The Great War Part 244, April 19th 1919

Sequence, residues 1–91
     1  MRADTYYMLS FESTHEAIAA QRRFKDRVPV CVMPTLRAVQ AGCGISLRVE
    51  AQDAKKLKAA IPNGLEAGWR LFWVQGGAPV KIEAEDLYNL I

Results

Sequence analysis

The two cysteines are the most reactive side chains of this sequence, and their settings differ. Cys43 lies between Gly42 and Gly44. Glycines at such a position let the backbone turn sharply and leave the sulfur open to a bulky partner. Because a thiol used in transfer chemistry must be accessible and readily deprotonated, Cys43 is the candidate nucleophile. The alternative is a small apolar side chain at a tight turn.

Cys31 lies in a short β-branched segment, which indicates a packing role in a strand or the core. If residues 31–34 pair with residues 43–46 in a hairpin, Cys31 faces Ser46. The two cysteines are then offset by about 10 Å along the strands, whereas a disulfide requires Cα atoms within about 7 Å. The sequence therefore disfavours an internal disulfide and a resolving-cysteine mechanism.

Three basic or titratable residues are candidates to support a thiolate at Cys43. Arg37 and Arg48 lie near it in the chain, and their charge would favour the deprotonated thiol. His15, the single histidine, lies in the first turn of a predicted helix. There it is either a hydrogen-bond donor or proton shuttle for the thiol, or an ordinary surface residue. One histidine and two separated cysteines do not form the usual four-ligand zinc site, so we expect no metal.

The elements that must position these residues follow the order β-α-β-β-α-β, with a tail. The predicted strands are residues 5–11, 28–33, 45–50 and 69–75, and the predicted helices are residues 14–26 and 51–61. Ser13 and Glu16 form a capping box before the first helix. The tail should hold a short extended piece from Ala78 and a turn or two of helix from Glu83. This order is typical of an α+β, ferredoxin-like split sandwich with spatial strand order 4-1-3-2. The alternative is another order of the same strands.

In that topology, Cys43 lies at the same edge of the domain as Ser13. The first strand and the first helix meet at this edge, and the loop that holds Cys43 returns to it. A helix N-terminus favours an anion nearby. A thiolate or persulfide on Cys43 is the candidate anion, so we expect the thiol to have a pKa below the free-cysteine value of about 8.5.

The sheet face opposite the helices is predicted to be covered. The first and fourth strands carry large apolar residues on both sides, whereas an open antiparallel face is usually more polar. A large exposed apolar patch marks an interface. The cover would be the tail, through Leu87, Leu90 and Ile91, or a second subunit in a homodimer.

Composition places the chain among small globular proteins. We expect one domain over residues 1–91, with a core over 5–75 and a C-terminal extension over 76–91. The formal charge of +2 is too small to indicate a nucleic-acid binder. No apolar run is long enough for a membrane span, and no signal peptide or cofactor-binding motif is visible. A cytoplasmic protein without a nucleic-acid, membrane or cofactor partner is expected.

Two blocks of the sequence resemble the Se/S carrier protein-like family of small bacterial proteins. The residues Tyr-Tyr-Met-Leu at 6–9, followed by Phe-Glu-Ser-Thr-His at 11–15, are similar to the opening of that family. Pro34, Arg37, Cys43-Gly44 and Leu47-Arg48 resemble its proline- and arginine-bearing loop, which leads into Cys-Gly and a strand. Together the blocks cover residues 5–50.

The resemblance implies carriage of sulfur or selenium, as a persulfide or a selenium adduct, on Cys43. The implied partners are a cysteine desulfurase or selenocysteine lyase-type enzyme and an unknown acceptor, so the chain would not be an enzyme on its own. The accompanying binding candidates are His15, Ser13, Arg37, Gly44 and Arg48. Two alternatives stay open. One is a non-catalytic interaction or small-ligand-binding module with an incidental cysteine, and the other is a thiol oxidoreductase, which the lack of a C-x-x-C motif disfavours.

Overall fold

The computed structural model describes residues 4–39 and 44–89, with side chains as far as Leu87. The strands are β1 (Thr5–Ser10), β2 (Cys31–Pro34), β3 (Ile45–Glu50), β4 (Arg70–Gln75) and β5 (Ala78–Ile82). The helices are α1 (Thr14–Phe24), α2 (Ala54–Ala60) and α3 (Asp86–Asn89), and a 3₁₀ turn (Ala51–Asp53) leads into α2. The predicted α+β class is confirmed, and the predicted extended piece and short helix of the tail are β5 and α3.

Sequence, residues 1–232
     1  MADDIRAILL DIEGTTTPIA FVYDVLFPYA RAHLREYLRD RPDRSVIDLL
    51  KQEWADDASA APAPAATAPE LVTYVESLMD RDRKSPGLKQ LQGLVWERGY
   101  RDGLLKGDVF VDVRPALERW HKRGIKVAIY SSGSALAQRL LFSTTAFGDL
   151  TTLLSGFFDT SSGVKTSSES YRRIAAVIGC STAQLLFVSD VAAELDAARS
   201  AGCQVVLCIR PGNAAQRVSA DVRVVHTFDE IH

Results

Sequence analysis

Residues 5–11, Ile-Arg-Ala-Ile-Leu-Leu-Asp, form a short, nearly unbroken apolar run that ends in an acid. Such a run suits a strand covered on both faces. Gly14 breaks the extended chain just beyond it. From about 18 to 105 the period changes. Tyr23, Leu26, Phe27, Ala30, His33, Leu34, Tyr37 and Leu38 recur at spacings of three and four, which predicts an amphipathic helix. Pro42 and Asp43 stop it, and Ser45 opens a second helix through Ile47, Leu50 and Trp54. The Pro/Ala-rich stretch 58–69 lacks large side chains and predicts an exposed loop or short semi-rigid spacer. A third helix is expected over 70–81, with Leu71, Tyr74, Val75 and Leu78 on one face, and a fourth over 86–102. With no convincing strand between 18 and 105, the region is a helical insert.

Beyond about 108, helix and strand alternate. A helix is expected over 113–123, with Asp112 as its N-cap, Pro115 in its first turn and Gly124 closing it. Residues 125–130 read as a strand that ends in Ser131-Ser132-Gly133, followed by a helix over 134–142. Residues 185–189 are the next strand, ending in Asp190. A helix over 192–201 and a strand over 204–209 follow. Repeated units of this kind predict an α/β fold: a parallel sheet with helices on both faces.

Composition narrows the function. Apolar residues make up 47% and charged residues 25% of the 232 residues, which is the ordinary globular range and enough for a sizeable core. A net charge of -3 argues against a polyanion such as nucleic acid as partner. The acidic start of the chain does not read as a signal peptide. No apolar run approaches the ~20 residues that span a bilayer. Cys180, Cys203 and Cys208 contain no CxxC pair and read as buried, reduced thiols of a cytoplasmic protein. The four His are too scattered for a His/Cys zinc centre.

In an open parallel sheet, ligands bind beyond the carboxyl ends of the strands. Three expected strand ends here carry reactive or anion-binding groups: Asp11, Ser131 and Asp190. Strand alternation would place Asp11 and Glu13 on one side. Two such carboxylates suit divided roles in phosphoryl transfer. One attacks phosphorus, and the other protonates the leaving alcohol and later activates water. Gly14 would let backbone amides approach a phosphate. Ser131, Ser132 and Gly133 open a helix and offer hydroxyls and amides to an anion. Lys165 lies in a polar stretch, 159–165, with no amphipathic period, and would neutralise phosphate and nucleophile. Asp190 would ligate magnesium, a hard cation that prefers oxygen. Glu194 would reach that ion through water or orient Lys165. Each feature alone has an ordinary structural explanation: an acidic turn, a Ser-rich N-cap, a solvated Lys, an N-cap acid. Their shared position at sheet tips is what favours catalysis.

A WEEKLY REVIEW SUPPLEMENT TO “THE ”GREAT WAR PART 244. History in the Making H E next Part of The Great War will contain M. Emile Cammaerts account of the full recovery of their long- aflflicted country by the Belgian Army led by King Albert and this chapter will be followed in the next succeeding Part by Mr. Edward Wrights account of the Allies march to the Rhine. The two are mutually complementary. As niight be expected that written by M. Cammaerts vibrates with the more tense personal emotion but Mr. Wrights imagination has been fired by the dramatic nature of his subject and he too has risen to the full height of his powers and his description of the most dramatic march in history is quite remarkable for its vivid actuality. ERU SAL of these two chapters should have a wholesome steadying effect upon people in this country who incline to charge the delegates at the Peace Conference with slowness in garnering the harvest of victory. Criticism of this kind causes no surprise when it comes from the civilian population of Belgium. M. Cammaerts outpoints that during the long years of oppression they were led to believe that their sufferings would end with the libera­tion of their territory and that as soon as the enemy evacuated the country they would be able to uptake the thread of their daily occupa­tions that nations would rush to their help, that Germany would restore the stolen'machinery and pay the war indemnity that industry would revive prosperity return and that as by the touch of a magic wand Belgium would be restored to its former state. UCH illusions fostered by the emphatic declarations of allied statesmen which had reached occupied Belgium were ”only natural says M. Cammaerts adding with generous insistence on the whole truth “they were necessary. Without them the population would not have been able to stand the strain.” Nevertheless a reaction was inevitable whip weeks went by without the expected miracle taking place and they still did not reap the expected reward of their splendid fortitude. King Albert wise statesman ashe is brave soldier did not shrink from giving his people a Heard at the word of warning at the very moment when he brought them greeting from their victorious Army. He told them that the restoration of the country was a gigantic task requiring all the strength of the nation and that it needed no less devotion and self-sacrifice to achieve than its liberation. Patience even yet was required of them and saddened but still not embittered, they are responding to his appeal. It ill becomes people in Britain who know none of the horrors of invasion to underestimate the difficulty of the problems occupying the attention of the allied statesmen at the International Conference in Paris and to blame them for not waving a magic wand and working a miracle beyond the power of man. MPATIENCE almost equal to that of the Belgians is felt by many Alsatians whom hope deluded into belief that the with­drawal of the last German behind the Rhine would be followed by the immediate rectification of all their wrongs. To these a tender admonition was addressed recently. In many towns and villages the Alsatians are planting “Liberty trees ”in commemoration of their deliverance from the German yoke. On March 9th one such tree was solemnly planted at Berstett a rural suburb of Strasbourg and M. Blaisot civil administrator of the district made a little speech. Here is one passage from i t :“Whenever in your legitimate anxiety to be wholly reunited to France you incline to think that things are not moving fast enough when­ever the measures taken by our administration fail to satisfy your desires completely or at once, do not be impatient but turn your eyes to this tree that you have planted here to-day. You who know this soil so welland know what it can yield who know that a tree does not grow in a day know too that France owes a debt to many of her regions ravaged by a ruthless foe, and you must— I am sure you will— have faith and intrust us. In these delirious days one is rather apt to forget that Germany has had forty-eight years in which to do her work in Alsace. We have had a bare four months as yet. In a spirit of patience illumined by quiet and steadfast joy you will help us with all the strength that is in you.” Listening Post an inessential the making of high explosives. Schweitzer did buy practically all the carbolic acid on the market and turned it over to the Heyden Chemical Works which in turn converted it into harmless pharmaceutical products such as salol. This for a time interfered very materially with the ptons of the Allies for the purchase of high ex­plosives and munitions on the other side of the Atlantic. Further Schweitzer made large profits for himself out of his scheme. *The blowing of whistles as signifying welcome to the transports witli returning soldiers has been ordered to be stopped to a large extent in the harbour of New York as it had Quiet become positively a danger. The Welcome Captain of the Port of New York, Home acting on instructions from the U.S. Government has placed certain re­strictions on the movements of vessels welcoming ships with home-coming soldiers aboard because of representations by the cpmmandants of cruisers and transport forces as well as by the captains of transports who stated that the safety of the transports was seriously endangered by the action of the welcoming ships. The noise made by the whistles and sirens of the latter was so great that navigation signal whistles could not be exchanged and in thick weather the bell-buoys could not be heard. One transport actually went aground owing to the noise. A rule has now been made which makes all welcoming vessels keep at a distance of at least half a mile from incoming transports. No band is permitted to play in the vicinity of a transport approaching its dock. .*The steps taken to trace missing British soldiers have already been referred Some additional particulars are now available. A figure of 64,800 has been given in answer to recent Tracing questions as the number of “miss- ”the ing whose fate remains to be Missing determined- It is an approximate figure only and as evidence of death is received or death is presumed on lapse of time orin the absence of news the number tends to diminish steadily but no great change has taken place so far. It is to be remembered that the “missing ”have fallen on the field of battle without their fate becoming known to either side and such information can be best ascertained from the evidence furnished by their surviving comrades and by a search of the site. During the war the wounded were examined in hospital by the Red Cross Society and since the cessation of hostilities released prisoners are being examined. Much information has been obtained by these methods, though not all of it is conclusive. The battlefields have always been searched as far as possible and a systematic search is being undertaken by the units of the Director-General of Graves Registration and Inquiries now that the whole area is open. *Speaking at the dinner of the Land Union Lord Ernie President of the Board of Agriculture, unveiled some secret history of the war. He said the Government intended if we had Full not finished the war in November last Granaries to make the great push about the in Britain present time and to place on the western front the whole force we could command and to try to bring the war to a con­clusion this summer. For that purpose we wanted absolute command of all the tonnage we could supply. The granaries of the country were filled with wheat in order that we might set free tonnage for the great push. Plans could not be altered in a few hours. All the wheat was brought forward for delivery at a certain time and the British farmer from his point of view had a legitimate complaint and the Government had a perfectly reasonable answer to it. Wheat was now being passed into consumption as rapidly as possible, although no doubt there was more on the farmer’s hands than would normally bethe case. Lord Ernie thought that although the conditions to the farmer were trying the explanation he had given was a reasonable one. The World To-day is continued on page iii. In all new appointments to the mens administra­tive and clerical staffs of the Ministry of Pensions, the joint committees the local war pensions com­mittees and sub-committees pre- Pensions ference will be given to officers and Appoint- other ranks who have served in the ments recent war those who have been disabled being given priority in suit­able appointments amongst those equally capable. A large womans staff is employed by the Ministry, especially in the awards and issues branches re­cruited during the war and is now skilled in the regulations and procedure of the department. This staff has done excellent work at a critical time, and it is not intended to displace it but so far as possible vacancies occurring will be filled by transfers of other women already employed else­ wherein the Ministry upon work suitable for Amen* Royal Warrant dated March 15th substitutes the full rate of bonus for the half rates laid down in Army Order 54 of 1919 for officers warrant officers, non-commissioned officers and men Army who although not selected to form Bonus and part of the Armies of Occupation, Gratuity have not actually been demobilised on May 1st 1919. Every officer, warrant officer non-commissioned officer and man who is in receipt of pay on May 1st 1919 will therefore automatically become entitled to the full bonus from that date under the same conditions as apply to those definitely selected for retention. The condition postponing issue of the half bonus until the date of release will not apply and the full bonus will be issuable with pay. A Royal Warrant recently published as an Army Order provides that no reduction shall be made in the additional war gratuity payable to a soldier by reason of his having been eligible to draw service pension or entitled to elect to draw it during his war scrvice. **The Alien Property Custodian of the United States has sold to an American concern tho Heyden Chemical Works at Garfield New Jersey the plant of which covers more than seven acres, Heyden and which were owned by Germans Chemical before the war. These works figured Works in a great plot to prevent the manu­facture and shipments of munition to both Great Britain and France. In 1915 when the Allies were contracting for enormous quantities of munitions in America Dr. Hugo Schweitzer the well-known German propagandist formed the Chemical Exchange the object of which was to buy up all the available carbolic acid in the country, so as to prevent its manufacture into picric acid